For Shirley Sherrod, the moment of retribution has arrived. Not only has she focused her guns on the vast right-wing conspiracy, but she has also singled out Fox News as leading the charge. Why? As the former Ag employee told Media Matters, the network would "love to take us back to where we were many years ago. Back to where black people were looking down, not looking white folks in the face, not being able to compete for a job out there and not be a whole person." Perhaps Sherrod has access to secret emails between Fox execs outlining this long-term strategy. Or perhaps she is ... jumping to conclusions?
As Howard Kurtz reports in this morning's Washington Post:
But for all the chatter—some of it from Sherrod herself—that she was done in by Fox News, the network didn't touch the story until her forced resignation was made public Monday evening, with the exception of brief comments by O'Reilly. After a news meeting Monday afternoon, an email directive was sent to the news staff in which Fox Senior Vice President Michael Clemente said: "Let's take our time and get the facts straight on this story. Can we get confirmation and comments from Sherrod before going on-air. Let's make sure we do this right."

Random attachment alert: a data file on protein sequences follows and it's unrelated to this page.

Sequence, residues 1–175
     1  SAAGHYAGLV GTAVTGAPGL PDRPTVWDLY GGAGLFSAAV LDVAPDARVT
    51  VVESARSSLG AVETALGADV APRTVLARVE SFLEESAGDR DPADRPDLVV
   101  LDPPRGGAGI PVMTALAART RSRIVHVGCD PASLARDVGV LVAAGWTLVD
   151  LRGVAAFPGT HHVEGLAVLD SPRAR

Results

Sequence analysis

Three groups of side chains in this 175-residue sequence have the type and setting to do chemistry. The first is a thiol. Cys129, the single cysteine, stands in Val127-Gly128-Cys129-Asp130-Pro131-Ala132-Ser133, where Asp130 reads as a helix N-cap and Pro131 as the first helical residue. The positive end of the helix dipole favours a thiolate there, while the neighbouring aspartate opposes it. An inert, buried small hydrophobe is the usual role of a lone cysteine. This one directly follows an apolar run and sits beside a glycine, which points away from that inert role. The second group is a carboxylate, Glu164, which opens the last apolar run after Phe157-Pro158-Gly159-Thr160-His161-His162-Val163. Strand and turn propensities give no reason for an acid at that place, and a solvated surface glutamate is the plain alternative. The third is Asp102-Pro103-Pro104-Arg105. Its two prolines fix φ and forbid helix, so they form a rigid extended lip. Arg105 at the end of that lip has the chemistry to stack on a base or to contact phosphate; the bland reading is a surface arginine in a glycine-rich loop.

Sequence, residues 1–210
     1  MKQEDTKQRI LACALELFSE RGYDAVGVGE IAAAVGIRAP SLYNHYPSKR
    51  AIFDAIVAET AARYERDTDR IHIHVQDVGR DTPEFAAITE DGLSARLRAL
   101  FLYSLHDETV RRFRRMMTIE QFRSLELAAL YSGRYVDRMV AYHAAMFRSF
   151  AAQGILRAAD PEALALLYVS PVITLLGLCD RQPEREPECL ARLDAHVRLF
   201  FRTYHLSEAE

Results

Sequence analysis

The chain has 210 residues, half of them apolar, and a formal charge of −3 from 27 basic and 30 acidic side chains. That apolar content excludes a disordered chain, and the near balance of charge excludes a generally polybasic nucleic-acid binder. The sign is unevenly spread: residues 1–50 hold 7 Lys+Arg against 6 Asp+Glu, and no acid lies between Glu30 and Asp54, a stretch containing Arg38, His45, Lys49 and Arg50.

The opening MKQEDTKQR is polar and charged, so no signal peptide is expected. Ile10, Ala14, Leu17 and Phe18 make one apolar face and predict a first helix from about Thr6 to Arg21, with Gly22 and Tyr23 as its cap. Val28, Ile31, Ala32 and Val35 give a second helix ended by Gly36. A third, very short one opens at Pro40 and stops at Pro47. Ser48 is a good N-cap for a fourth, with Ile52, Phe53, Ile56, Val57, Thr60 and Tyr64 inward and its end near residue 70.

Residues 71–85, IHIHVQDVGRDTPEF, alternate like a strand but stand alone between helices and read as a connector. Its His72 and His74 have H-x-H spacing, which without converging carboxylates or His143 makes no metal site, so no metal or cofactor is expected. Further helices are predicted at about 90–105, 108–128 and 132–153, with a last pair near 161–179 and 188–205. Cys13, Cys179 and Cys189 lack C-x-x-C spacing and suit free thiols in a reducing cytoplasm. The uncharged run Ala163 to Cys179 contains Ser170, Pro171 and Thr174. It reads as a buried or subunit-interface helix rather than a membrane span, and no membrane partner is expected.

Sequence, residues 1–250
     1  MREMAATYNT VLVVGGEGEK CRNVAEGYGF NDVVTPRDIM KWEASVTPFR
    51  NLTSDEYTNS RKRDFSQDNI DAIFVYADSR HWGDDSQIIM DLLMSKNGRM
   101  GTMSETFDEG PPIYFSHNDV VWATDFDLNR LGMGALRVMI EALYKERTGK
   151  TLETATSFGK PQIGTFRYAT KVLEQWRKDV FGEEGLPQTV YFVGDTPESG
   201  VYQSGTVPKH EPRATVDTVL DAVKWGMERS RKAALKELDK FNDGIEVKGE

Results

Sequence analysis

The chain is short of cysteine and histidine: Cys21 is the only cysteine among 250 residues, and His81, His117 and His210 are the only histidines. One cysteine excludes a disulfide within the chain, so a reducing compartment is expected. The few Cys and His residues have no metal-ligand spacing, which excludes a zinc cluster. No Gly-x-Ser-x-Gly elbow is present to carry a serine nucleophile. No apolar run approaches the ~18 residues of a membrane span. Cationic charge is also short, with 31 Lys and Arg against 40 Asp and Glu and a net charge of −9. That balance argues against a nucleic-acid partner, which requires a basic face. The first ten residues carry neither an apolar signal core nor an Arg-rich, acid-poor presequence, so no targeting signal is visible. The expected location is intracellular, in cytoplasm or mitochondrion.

Kurtz goes on to observe:
Sherrod may be the only official ever dismissed because of the fear that Fox host Glenn Beck might go after her. As Agriculture Secretary Tom Vilsack tried to pressure her into resigning, Sherrod says Deputy Under Secretary Cheryl Cook called her Monday to say "do it, because you're going to be on 'Glenn Beck' tonight." And for all the focus on Fox, much of the mainstream media ran with a fragmentary story that painted an obscure 62-year-old Georgian as an unrepentant racist.... Ironically, Beck defended Sherrod on Tuesday, saying that "context matters" and he would have objected if someone had shown a video of him at an AA meeting saying he used to pass out from drinking but omitting the part where he says he found Jesus and gave up alcohol.
So you've got members of the media who jumped to conclusions, leading to Secretary Vilsack and the White House reacting rashly, and Sherrod, among others, making hasty judgments about a network's coverage of the whole mess. Have we all forgotten that age-old advice about jumping to conclusions? It's a bad thing. Even as a floormat.